Gov. Francis W. Sargent issued general recommendations to Massachusetts colleges yesterday for the implementation of new federal statutes dealing with student access to records.
The guidelines were given along with an executive order on privacy outlining the procedures state agencies may use in collecting personal information and guaranteeing the citizens involved "an opportunity to view such data" upon request.
Daniel Steiner '54, general counsel to the University, was unavailable for comment, but in the past he has expressed opposition to opening files to students.
Under the 14-point-plan for colleges, information ranging from name and address to medical reports would be classified as "available", "confidential", and "very confidential" with accessibility limited accordingly. Students would be allowed to view all academic and personal files, but may be restricted from certain medical information.
The Harvard Faculty has opposed the student access bill since its passage last May. Steiner said at that time that the bill was "too widely written" and would "work to the detriment of students." The Harvard Faculty Council plans to issue its own plans for granting student access to files later this week.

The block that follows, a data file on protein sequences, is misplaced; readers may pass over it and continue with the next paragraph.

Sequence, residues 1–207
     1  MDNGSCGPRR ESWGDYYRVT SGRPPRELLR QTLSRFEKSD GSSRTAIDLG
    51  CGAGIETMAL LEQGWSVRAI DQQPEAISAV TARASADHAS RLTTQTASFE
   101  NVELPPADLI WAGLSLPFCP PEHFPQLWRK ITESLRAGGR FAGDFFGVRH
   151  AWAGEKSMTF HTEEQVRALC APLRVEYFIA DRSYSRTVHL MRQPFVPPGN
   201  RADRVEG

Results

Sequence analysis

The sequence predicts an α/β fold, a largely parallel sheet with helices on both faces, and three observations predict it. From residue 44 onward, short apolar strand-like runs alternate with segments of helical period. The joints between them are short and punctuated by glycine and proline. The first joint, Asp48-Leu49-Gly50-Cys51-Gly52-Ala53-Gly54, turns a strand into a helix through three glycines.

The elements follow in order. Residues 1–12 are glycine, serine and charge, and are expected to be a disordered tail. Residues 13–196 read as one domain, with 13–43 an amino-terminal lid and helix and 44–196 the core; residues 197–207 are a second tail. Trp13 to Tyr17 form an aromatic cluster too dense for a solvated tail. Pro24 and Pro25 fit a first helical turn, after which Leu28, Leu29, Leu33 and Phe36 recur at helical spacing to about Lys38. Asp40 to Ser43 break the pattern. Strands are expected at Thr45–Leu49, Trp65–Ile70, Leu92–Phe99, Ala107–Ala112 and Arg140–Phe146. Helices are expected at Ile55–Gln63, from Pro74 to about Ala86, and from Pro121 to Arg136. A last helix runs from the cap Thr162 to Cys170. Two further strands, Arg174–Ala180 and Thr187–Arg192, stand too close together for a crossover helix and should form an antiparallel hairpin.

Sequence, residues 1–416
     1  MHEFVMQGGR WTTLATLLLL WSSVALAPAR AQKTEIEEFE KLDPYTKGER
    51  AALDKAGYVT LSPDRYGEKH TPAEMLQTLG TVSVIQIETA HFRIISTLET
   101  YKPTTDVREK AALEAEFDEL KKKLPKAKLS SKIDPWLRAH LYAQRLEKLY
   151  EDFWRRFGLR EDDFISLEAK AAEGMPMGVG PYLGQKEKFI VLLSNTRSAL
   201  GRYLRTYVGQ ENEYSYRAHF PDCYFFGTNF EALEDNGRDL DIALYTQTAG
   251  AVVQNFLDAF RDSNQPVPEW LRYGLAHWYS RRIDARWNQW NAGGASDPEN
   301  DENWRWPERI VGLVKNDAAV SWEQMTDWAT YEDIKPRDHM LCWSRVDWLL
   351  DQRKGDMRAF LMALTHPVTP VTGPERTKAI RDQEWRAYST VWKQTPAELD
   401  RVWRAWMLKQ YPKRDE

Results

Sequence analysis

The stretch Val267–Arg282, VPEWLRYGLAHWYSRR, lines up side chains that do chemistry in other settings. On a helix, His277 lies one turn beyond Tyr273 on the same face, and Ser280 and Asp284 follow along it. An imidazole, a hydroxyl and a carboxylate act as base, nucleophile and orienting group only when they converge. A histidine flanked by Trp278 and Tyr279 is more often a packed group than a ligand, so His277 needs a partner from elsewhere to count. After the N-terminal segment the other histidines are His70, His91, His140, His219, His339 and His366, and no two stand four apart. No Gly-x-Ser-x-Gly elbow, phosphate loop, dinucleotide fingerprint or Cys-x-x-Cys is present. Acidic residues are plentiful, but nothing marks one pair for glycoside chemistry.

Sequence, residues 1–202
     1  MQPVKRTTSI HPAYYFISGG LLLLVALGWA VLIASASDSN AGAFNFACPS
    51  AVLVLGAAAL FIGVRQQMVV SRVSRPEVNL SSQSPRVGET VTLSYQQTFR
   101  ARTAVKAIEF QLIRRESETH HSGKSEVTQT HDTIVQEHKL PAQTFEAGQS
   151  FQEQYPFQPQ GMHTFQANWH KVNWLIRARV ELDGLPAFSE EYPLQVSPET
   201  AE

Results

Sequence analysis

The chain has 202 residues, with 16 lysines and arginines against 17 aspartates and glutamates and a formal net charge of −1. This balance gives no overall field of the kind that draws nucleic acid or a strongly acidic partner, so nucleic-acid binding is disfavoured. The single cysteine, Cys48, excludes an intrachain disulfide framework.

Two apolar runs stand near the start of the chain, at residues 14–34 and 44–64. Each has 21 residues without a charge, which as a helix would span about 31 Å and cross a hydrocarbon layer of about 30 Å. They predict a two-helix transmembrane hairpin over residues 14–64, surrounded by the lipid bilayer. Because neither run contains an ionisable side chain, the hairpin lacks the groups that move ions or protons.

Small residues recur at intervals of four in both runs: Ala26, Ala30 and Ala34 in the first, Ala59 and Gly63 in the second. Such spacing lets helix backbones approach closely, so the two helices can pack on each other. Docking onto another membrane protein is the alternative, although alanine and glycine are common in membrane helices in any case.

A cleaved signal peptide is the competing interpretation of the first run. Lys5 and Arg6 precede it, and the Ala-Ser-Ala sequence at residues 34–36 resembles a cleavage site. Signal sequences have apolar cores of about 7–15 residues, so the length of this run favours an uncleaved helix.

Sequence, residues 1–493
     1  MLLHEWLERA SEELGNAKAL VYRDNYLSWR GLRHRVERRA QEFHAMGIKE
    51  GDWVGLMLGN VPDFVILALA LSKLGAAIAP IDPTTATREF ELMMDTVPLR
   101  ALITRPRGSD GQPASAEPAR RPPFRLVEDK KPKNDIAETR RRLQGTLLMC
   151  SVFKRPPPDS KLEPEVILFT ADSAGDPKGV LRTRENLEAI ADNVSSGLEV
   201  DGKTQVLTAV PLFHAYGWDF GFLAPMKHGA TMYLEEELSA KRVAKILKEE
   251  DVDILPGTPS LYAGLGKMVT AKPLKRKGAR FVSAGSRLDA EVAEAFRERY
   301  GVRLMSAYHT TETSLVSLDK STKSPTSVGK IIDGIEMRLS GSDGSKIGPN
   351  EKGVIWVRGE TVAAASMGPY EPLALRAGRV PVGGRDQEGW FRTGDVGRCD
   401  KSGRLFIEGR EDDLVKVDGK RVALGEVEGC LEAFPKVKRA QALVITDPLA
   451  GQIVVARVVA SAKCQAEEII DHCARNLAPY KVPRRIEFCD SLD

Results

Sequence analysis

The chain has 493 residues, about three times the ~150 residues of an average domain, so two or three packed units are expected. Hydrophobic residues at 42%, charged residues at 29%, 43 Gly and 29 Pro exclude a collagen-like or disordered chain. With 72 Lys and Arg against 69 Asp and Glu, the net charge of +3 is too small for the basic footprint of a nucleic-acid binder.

No Unnecessary Info
The executive order, entitled "Fair Information Practices," states that "no such agency shall collect any personal data other than necessary for the performance of its functions authorized by law."
Dispersal of personal information will be restricted in that no agencies will be allowed to "use personal data collected for one purpose for another unrelated purpose without the consent or knowledge of the data subject."
Among the agencies affected by the order are the Welfare Department, The Motor Vehicle Commission, public and mental health services, and youth services.
Jonathan Brant, counsel to the Governor's Commission on Privacy, said that the order was an attempt to provide "an all-encompassing law on personal information with various accessibility."